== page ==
Physical Safety in the Home
Make it Safer
There's no shortage of ways you can make a home safer for your Aging Loved One. Try to implement some or all of the following 31 suggestions, modifying as necessary:
- install peepholes and an intercom system to screen people at the door before opening
- place light switches close to room entrances
- install light switches at the top and bottom of stairs
- install lighted switch plates
- use high-watt light bulbs in stairways and other hazardous areas
- provide sufficient, even lighting throughout the home
- install additional lighting, if necessary
- install a voice- or sound-activated adapter to turn on lights and appliances
- install under-the-cabinet lights in the kitchen
- place a night light in the path between the bedroom and bathroom
- install cordless battery-operated lights inside closets and cabinets
- install motion-sensitive exterior lighting
- use bright colours
- use contrasting colours
- remove loose rugs
- secure mats with non-skid backing or double-sided carpet tape
- secure telephone and electrical cords
- install non-slip flooring, especially in kitchens and bathrooms
- use non-skid mats or adhesive strips in bathtubs
- remove thresholds
- rearrange furniture to move it out of paths and walkways
- place barriers at dangerous locations
- edge stairs with bright non-skid tape to highlight changes in floor levels
- install rubber treads on uncarpeted indoor and outdoor stairs
- install handrails and grab bars, particularly in stairways and bathrooms
- clamp adjustable safety rail onto edge of bathtub
- install scald guard devices on faucets and shower heads
- install smoke detectors near kitchens and bedrooms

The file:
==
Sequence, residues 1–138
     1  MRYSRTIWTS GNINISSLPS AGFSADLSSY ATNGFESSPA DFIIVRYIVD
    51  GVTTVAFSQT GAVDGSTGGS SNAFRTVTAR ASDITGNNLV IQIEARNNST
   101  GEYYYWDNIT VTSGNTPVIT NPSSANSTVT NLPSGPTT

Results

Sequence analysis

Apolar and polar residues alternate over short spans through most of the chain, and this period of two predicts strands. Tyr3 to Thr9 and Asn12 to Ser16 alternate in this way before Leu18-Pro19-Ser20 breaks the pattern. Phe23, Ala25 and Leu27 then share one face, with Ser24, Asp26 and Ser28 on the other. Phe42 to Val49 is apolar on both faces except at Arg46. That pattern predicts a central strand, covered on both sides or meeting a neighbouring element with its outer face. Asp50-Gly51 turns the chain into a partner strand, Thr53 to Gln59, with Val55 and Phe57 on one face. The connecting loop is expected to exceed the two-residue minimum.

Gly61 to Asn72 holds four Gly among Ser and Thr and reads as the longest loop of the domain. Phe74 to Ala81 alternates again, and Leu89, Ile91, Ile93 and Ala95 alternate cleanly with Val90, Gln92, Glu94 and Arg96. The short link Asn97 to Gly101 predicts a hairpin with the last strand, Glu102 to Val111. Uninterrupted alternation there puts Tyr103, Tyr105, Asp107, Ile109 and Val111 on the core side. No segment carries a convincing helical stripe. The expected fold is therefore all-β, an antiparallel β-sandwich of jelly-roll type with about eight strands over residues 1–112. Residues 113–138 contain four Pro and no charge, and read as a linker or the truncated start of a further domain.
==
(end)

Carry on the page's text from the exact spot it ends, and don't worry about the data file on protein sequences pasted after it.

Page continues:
- install plug-in carbon monoxide detectors
- install a portable security intercom
- install an emergency response system
Install a smoke alarm outside the sleeping area and if your Aging Loved One sleeps with the bedroom door closed, install one there, also. And what genius came up with this one? There are alarms that flash a light as well as sounding an alarm if Uncle is hard of hearing! Isn't it wonderful that so many people are dedicated to making our homes safer?
The alarms should be tested monthly and the batteries changed twice a year, when we turn our clocks forward in Spring and back in Fall.
Phones and Flashlights
Your Aging Loved One should have a phone beside her bed, preferably one with a large number pad that glows in the dark. Put a flashlight on the bedside table, too.
Look in your hardware store for motion-sensor lights. Plug them into outlets close to the floor in darkened hallways. When Mum walks past, the light will come on. It will go off after a few moments.
Also look for power failure lights. Plug one in an outlet close to the bedroom and/or bathroom and turn it on. The light won't come on unless the power goes out. It can be removed and used as a bright flashlight.
Kitchen fires are a leading cause of injury and death. Help make the kitchen safe by:
- buying a kettle with an auto-off feature
- keeping curtains, dish towels, plastic containers, and pot holders away from hot surfaces
- providing proper microwave containers—NOT PLASTIC
- discarding electrical cords that are frayed, cracked, or damaged
Dementia patients shouldn't use the stove. Either unplug it or remove the fuses.
The thermostat on the water heater should be no more than 49'C (120'F).
Your local fire department will happily visit the home and make suggestions for increased safety for your Aging Loved One.
They have experience and are dedicated to helping all of us.
First, identify keys. Toss the mysteries and the broken ones. Yes, you will find them!
Secondly, label all keys, make at least two duplicate sets. Give one set to a trusted neighbour. Keep the other for yourself.